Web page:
1 - 8 of 8 articles
From 1854 until the late 1960s the civil service developed greater uniformity and tighter central control. In the 1980s, that process was deliberately reversed, with the establishment of executive agencies and the delegation from the centre of many management responsibilities. The question of...
The National Health Service was a political settlement based on meso corporatism. That settlement was destabilised by economic competition in markets and political competition in democratic arenas. The reforms of recent years are an attempt to create a new authority structure capable of...
This paper examines the character and process of managerial reform in the British civil service since the Fulton Report of 1968. It considers two types of interpretation — 'grand strategy' and 'ad hoc'. These it links, for purely analytical purposes, to two epistemologies, macro-positivism and...
The fragmentation of the machinery of government is one of the effects of the impact of agencification and other new managerial techniques being implemented throughout the Western World. This paper seeks a definition of the agency model, and then applies it to the British context, before...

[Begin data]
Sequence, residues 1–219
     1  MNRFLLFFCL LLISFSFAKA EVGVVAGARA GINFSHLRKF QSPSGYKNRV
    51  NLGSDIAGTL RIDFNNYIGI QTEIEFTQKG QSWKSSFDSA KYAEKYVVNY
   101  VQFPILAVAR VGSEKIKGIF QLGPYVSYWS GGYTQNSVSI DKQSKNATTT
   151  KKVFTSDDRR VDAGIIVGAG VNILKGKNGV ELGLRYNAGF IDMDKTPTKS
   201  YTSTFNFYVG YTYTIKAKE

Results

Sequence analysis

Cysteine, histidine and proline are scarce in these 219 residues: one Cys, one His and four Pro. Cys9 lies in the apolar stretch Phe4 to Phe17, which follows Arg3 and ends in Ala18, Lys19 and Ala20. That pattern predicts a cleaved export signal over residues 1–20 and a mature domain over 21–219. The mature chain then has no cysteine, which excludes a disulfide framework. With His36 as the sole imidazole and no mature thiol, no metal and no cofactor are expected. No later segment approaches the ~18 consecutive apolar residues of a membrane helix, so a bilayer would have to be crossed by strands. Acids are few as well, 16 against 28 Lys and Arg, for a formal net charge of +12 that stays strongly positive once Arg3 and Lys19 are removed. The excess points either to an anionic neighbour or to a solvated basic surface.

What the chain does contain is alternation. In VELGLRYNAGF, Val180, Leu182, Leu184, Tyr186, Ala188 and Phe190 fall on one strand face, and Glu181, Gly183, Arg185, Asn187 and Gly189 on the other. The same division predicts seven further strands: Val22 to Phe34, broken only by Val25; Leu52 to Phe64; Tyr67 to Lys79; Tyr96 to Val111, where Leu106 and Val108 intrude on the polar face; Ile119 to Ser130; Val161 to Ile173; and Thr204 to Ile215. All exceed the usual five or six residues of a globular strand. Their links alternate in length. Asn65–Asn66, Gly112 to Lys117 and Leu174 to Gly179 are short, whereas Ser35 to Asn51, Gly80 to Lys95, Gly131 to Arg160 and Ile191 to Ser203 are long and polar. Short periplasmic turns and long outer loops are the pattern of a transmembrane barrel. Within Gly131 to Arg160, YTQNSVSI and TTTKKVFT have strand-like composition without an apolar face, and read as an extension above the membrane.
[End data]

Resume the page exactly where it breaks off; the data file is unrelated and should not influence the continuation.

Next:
Information systems now run to the heart of the tools of government, with recent technological innovations opening up new possibilities for policy innovation. As government agencies work to narrow the gap between what is technically possible and what is realistically achievable, the history of...
This paper takes another look at the much-canvassed idea of a 'new global paradigm' emerging in contemporary public management. It argues that, linguistic usage apart, the 'globality' and monoparadigmatic character of contemporary public management change seems to be exaggerated. Three...
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